A Soulless Man Cannot Serve Justice (Huffington Post, 03/27/17)
Leo W. Gerard, International President United Steelworkers union: The senator’s question was simple and straightforward: What would you have done?
Judge Neil Gorsuch wouldn’t answer. He couldn’t say whether, on orders from an employer, he’d have driven a tractor trailer with locked brakes, endangering the lives of other motorists, or instead allowed himself to freeze to death in sub-zero cold in an unheated truck cab while awaiting a mechanic.... Gorsuch’s dissent says it was perfectly fine for TransAm to fire Maddin for acting to save his own life.... Gorsuch has treated other vulnerable people the same way.... Gorsuch’s perverse propensity to discount humanity makes him unfit for the court.
Neil Gorsuch’s Own Testimony Clearly Disqualifies Him: The nominee failed to outline even minimal concerns about the GOP’s judicial coup. (Nation, 03/27/17)
John Nichols: Judge Neil Gorsuch knows full well that he is attempting to take a place on the Supreme Court that should have gone to another jurist, Judge Merrick Garland. ... Gorsuch’s refusal to acknowledge that corruption diminished him. And it further disqualified a man who—if he truly respected the constitution and the court—would have refused Trump’s offer of a tainted nomination.... By putting his own political ambition ahead of a duty to the republic, Gorsuch extended the damage done by Republican partisans in 2016.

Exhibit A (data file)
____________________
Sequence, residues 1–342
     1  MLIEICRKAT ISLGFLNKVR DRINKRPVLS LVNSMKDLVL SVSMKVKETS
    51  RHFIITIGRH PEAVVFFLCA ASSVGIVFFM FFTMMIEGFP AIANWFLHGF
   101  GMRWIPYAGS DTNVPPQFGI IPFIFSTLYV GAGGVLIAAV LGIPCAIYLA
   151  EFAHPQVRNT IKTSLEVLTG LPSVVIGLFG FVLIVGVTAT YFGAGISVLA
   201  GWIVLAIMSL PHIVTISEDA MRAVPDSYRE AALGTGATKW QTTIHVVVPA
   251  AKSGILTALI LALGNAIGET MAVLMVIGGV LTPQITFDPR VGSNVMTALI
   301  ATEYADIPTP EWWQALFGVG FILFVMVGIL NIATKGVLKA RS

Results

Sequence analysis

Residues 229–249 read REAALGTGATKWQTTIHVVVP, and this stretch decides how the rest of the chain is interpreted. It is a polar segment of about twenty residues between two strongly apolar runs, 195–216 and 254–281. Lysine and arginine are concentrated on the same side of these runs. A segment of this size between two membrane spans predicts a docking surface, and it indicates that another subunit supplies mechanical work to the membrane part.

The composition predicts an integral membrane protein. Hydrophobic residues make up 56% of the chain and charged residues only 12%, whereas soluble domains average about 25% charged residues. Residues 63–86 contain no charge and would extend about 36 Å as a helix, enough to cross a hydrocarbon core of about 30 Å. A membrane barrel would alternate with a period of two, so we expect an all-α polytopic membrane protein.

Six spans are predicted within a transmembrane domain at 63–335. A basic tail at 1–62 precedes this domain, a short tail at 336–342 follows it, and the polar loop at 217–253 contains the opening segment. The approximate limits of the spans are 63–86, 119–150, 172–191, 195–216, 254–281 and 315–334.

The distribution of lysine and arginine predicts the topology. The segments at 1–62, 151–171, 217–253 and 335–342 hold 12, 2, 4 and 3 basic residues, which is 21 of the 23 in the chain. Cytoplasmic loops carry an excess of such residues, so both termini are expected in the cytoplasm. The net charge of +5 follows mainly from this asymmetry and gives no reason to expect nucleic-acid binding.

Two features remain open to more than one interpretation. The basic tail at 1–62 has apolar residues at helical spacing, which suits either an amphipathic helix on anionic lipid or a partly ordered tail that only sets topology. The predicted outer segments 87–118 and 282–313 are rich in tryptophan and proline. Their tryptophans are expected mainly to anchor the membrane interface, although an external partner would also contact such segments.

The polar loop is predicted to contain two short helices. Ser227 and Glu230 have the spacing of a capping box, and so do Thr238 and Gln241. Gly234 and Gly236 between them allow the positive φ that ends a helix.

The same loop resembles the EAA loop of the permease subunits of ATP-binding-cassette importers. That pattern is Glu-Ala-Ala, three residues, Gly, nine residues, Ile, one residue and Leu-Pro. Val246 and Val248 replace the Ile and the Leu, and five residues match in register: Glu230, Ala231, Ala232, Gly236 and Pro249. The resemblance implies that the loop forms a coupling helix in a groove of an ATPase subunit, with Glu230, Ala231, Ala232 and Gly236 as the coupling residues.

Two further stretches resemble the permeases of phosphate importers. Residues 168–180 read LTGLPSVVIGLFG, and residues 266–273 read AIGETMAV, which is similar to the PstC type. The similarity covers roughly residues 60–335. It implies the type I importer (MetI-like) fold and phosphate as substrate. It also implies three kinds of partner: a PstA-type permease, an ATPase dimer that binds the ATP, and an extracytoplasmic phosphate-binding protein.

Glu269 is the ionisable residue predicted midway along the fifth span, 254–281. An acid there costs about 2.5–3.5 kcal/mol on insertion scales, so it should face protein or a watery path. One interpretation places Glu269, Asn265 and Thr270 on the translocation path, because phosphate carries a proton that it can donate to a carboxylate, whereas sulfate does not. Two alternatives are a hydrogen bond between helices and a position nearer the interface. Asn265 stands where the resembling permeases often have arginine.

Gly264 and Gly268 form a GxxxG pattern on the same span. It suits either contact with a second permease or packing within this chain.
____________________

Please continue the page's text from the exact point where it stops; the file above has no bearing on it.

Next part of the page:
We don't need another Scalia (Seacoastonline [Southern ME & NH], 03/27/17)
Anne Vaughan & Niles Schore, Letter to the Editor: Dear Senators King and Collins, We write to you out of concern about the nomination of Neil Gorsuch to the United States Supreme Court.... We refer to Senator Feinstein's statement to Gorsuch in the hearing on March 21, "you are the next Scalia." We do not need another voice who risks decisions like Heller.
Judge Neil Gorsuch shows he has a wisdom deficit (Pittsburgh Post-Gazette [PA], 03/27/17)
Letter to the Editor by Robert J. Hartsock: a justice must also exhibit wisdom in his decisions. Judge Gorsuch showed a lack of wisdom with his dissent in the employment case of truck driver Alphonse Maddin (the “frozen trucker” case).... Please bring back Judge Merrick Garland.
OPINION: Gorsuch and the primacy of common sense (Arkansas Democrat Gazette, 03/26/17)